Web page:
It no wise can be conceived how deeply I am struck, when I reflect that I am come to that point, that neither I, in my proper cause, nor others can be heard for me, many imagining their aim and honour to withstand meas muchas is possible; yea, and that those, that assist me herein, therefore are deemed principals in the act. Whence to you all, who read this, I leave it to be judged, what an unspeakable grief I must needs inwardly feel, when I hear such strange speeches against me every wherein this city, and that, only for my sake, my country-men all and nation displease them. Truly, if it were at first as it is now bruited, 1 might justly seem a madman towards my brother, most uncivil to all the English gentry, and ungrateful to all this city, wherein I have so long been, and so well known. But these forerunning discourses, at first, discredit themselves by their variety, and, afterwards, totally become groundless.

1. Should I, as it is said, oppress the English, or withstand them from whom my brother, sent hither particularly by ray King, demands peace and amity, and under whose protection we all are? Should I commit, by such a levity, everlastingly by me to be repented, that I should not also seem to intend what my brother, with so much pains, hitherto endeavoured to effect? I would not have been so great an enemy to myself, both in the opinion of my brother, and in the esteem of my King, in whose hands it lies to dispose of my whole life, honour, and fortune; which, since it is so, I confide none will exaggerate my cause, or accuse me beyond reason.

2. Should I hate the English gentry? Alas, I am a gentleman myself; and, indeed, I much ever desired to deserve their love and esteem. I never would have dreamed such a folly, unless I had first forgot my own birth, in which, so far I anrfrom doing wrong, that I endeavoured to shew myself, as I was able, a true follower of my brother, whom I still perceived and noted heartily desirous to oblige all gentlemen, by whatsoever manner of civility and kindness he could afford them.

3. Should I, lastly, on set purpose, bring I know not what arms to besiege the Exchange? I witness heaven, and beg pardon first of all this common-wealth, to which I totally submit myself, then again of my dear brother, if either of them harbour such an opinion of my deportments. Nay, if by chance I had indiscreetly offended in this kind, it might have been ascribed to my unexperienced youth, and pardonable; and every indifferent judge will find me to have only sought to defend myself and honour, and not in the least to offend others. And I swear to heaven, I knew nothing of what is spoke of powder, which was found in a hackney-coach.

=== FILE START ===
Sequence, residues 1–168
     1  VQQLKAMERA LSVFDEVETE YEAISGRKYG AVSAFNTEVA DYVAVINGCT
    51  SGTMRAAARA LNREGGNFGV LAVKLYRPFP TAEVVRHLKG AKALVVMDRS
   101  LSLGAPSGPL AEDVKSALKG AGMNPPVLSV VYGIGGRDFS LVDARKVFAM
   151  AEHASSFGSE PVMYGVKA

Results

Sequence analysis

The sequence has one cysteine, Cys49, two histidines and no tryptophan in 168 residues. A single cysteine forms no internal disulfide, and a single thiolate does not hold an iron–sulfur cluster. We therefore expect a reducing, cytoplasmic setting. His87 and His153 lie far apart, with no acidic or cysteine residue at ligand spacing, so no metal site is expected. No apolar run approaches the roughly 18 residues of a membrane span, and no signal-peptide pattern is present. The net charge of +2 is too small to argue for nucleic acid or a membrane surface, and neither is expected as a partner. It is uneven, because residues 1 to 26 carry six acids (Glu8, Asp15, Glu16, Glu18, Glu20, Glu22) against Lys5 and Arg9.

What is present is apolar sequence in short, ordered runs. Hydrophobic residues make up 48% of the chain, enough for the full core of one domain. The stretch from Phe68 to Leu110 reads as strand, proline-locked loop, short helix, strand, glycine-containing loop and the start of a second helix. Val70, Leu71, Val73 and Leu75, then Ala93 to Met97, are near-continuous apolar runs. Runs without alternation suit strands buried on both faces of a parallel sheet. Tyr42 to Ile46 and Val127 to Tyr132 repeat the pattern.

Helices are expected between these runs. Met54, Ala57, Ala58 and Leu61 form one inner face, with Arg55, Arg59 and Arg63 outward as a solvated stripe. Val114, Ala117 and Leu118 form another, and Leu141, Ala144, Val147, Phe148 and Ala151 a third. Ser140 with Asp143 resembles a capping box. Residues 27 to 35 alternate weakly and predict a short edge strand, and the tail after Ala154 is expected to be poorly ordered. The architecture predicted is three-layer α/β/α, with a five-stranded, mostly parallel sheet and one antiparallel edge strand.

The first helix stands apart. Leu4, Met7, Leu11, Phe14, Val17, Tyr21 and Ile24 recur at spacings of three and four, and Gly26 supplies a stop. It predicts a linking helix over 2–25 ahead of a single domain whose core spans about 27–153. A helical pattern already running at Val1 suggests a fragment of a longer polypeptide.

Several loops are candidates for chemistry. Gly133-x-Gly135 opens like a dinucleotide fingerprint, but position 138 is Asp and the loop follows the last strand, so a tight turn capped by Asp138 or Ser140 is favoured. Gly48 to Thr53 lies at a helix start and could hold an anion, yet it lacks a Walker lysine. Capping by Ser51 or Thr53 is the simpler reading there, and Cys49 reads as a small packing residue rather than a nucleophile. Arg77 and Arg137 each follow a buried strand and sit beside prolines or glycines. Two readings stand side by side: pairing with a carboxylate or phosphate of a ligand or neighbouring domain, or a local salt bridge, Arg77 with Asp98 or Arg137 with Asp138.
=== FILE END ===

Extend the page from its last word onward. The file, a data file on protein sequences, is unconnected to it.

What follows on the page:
Some will object, Why would I go and meet the threats I might have before heard of? First, I believed no such threats, which, I conjectured, could not proceed but from a very few; especially, when I reflected on the great civilities and kindnesses which, for this year and more, had been betwixt the English and Portugal gentry, and that all differences might be decided by some other handsome mean, and not by the like threats. Again, how could I imagine any hinderance to go to so publick a place, which I sec open to all nations, even to the basest sort of people? If I had been forbidden any private house, by its owner, or, by a decree of parliament, from any publick place, I had kept home, and not stirred, to manifest, with joy and promptness, my obedience therein to this common-wealth. And thus I feared none, nor suspected, in the least, that any would assault me, when they saw me unarmed; neither did I think, that a publick place could defend me, when my brother's house is patent to all. Notwithstanding, being danger of life and honour must be provided against, I would not go totally unprepared, in case any where 1 should be offended.